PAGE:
UK tabloids like the Daily Mail have been gloating for weeks that the new series of Doctor Who has been losing viewers and the ratings are dropping because the Doctor is now female, the companions are people of color and the storylines are too PC.
That is not true.
The premiere episode of the season that introduced Jodie Whittaker as the Doctor drew 10 million viewers in the UK, which is a big deal. The only other show that drew that many viewers in Britain was The Bodyguard, and that was an adult crime drama that featured murder, islamophobia and shagging. Doctor Who is a family show that kids watch with their parents that carries the BBC remit to educate and entertain.
This is what Doctor Who does:
Since the premiere, UK ratings for Doctor Who have held steady at an average of 7 million total viewers every week, which is already up from the last season, which featured Peter Capaldi as the Doctor. In the UK, 5 million viewers and up is a sign of health for a show. The previous season of Doctor Who averaged 4.8 million viewers per week. These days, it's not just ratings from the broadcast premiere of a show that get counted, but the accumulated ratings from streaming on-demand numbers after the initial live broadcast.
Even in America, ratings for the new season are already double the numbers for the last season. On BBC America, Doctor Who this season averages over 1 million viewers every week. A basic cable show with over a million viewers is a hit for the network. Most basic cable shows get six figures in viewership if they're lucky, and it's only megahits like Game of Thrones that get over 10 million viewers, and those are extremely rare. The Walking Dead was the only other basic cable show that got 10 million viewers but not anymore. Its viewing figures are now around 5 million. That's still a big deal for a cable show, but the drop is one that AMC can't ignore. We'll talk about The Walking Dead another time.
Now, you might think Doctor Who's figures aren't that big when you compare them to the most popular American shows on the Big Three commercial networks ABC, NBC and CBS, which can get well over 10 million viewers, but those are free commercial channels as opposed to cable channels, which usually require a subscription to a cable service.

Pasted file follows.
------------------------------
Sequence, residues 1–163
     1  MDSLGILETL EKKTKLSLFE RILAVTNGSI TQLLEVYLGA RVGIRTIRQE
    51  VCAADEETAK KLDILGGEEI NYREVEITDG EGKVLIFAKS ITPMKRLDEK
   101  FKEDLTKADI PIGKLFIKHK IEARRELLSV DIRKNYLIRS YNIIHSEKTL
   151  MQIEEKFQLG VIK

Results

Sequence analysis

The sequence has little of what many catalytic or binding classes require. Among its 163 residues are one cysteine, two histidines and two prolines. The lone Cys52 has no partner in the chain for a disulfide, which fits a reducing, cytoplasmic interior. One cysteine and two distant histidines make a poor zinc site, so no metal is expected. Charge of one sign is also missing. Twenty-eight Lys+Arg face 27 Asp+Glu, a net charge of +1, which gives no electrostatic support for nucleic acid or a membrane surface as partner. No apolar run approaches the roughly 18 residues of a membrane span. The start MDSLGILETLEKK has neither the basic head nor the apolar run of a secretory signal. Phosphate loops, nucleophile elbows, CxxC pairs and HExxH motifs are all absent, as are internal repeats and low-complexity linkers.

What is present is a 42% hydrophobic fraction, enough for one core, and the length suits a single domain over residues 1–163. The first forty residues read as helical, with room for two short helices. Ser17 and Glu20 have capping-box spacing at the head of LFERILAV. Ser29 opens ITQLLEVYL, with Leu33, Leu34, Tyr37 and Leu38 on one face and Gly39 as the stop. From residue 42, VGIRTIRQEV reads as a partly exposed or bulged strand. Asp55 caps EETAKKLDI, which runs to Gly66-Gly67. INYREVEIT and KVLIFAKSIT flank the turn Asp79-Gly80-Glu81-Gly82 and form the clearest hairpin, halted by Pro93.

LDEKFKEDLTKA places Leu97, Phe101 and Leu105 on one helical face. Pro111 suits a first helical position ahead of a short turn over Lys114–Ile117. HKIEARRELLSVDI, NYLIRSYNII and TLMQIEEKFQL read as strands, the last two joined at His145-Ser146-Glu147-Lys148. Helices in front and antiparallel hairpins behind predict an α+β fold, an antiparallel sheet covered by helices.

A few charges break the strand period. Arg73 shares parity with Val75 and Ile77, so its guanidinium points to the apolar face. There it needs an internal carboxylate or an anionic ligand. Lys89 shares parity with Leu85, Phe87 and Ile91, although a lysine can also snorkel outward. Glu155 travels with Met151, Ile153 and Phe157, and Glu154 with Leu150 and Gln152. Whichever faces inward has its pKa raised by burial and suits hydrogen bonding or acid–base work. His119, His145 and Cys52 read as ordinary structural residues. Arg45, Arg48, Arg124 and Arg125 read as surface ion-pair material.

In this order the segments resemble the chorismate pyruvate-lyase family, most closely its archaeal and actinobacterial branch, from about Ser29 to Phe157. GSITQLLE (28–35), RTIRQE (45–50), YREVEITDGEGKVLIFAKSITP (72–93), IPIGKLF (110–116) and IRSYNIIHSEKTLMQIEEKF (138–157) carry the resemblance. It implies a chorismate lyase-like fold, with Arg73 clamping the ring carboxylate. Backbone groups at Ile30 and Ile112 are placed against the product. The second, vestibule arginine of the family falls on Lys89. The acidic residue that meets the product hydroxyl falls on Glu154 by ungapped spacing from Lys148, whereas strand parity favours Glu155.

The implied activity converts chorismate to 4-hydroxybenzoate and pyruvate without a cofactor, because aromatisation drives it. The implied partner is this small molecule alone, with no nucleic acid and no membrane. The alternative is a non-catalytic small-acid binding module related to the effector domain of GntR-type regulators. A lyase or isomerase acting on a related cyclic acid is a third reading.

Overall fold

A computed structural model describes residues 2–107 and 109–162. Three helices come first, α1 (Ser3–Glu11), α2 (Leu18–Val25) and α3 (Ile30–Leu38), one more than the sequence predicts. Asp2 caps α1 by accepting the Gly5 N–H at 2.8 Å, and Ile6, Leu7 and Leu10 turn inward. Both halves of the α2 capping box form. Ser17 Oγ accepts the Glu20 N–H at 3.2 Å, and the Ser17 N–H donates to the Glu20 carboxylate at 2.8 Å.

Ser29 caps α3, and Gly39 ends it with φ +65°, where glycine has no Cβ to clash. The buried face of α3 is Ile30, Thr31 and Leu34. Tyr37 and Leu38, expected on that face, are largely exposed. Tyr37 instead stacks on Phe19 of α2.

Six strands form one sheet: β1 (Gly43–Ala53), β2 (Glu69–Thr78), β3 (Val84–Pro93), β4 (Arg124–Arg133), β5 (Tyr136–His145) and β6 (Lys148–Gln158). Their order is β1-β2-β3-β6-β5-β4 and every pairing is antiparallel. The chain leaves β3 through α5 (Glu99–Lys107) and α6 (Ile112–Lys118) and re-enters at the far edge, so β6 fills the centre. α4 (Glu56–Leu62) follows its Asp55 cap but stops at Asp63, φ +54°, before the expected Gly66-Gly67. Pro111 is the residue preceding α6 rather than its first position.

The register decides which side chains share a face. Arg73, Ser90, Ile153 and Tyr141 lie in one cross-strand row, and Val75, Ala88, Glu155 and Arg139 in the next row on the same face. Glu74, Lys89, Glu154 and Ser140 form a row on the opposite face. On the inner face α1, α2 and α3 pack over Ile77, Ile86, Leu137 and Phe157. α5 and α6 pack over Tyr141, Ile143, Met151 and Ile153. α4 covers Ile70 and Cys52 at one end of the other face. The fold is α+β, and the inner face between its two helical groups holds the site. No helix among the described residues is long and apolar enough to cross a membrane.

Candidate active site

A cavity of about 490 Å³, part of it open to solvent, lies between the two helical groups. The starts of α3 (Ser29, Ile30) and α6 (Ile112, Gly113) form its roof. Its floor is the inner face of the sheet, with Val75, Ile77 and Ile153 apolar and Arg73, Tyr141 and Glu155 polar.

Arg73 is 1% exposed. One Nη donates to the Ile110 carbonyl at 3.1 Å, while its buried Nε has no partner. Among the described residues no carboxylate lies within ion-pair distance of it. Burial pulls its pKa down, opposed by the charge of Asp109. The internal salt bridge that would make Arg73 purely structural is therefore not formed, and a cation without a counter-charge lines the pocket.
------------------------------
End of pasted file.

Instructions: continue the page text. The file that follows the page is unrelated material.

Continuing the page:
There's actually another factor to consider for why Doctor Who won't get cancelled anytime soon, and it's all about money.
For over ten years now, the BBC in Britain is no longer able to produce a drama on its own using just the license fee that every owner of a television set is required by law to pay every year. Every BBC drama series needs a co-producing partner from overseas to fill out its budget, be it PBS stations in America, networks or broadcasters in Australia, Canada, or US cable stations like AMC, FX, HBO, Cinemax, Showtime Starz or even Netflix and Amazon Studios. Doctor Who now gets co-production funding from BBC America, which is a separate entity from the BBC in the UK. AMC owns a 49% stake in BBC America. In the US, Doctor Who is the flagship show of BBC America, the foundation on which the network builds quirky genre dramas that draw in a large female viewership like Orphan Black and Killing Eve.
The most important factor in the continuing survival of Doctor Who is that the show earns the BBC over $100 million dollars a year in merchandising deals, licensing and foreign territory sales. The show is a known brand with a global audience of over 100 million people, from Mexico to South Korea to Africa and Southeast Asia. Toys, books and merchandising are also huge earners for the Beeb. At the end of 2017, BBC Worldwide, the division of the BBC that handles its foreign sales, had struck a deal for the entire run of Doctor Who, starting with Russell T. Davies' revival from 2005 to the current seasons, to run on popular stations in China where the show already commands growing fanbase that's much bigger than any following China has for Star Wars.
The success and survival of a TV series is not just about ratings anymore. It's about how well a show sells to overseas markets now. That's how business is done for a TV show and Doctor Who is good business for the BBC.
So for all the people who claim that Doctor Who is a failure, that's not true. Real-life numbers indicate it's a success. A show does not get cancelled just because you shout about how much you hate it on social media.
And think about it for a second: you are a grown man complaining about a children's television show.
At least if you're writing it in the Daily Mail, you're getting paid for it. But you still come out looking ridiculous. Children don't read the Daily Mail.
They watch Doctor Who, and are the better for it.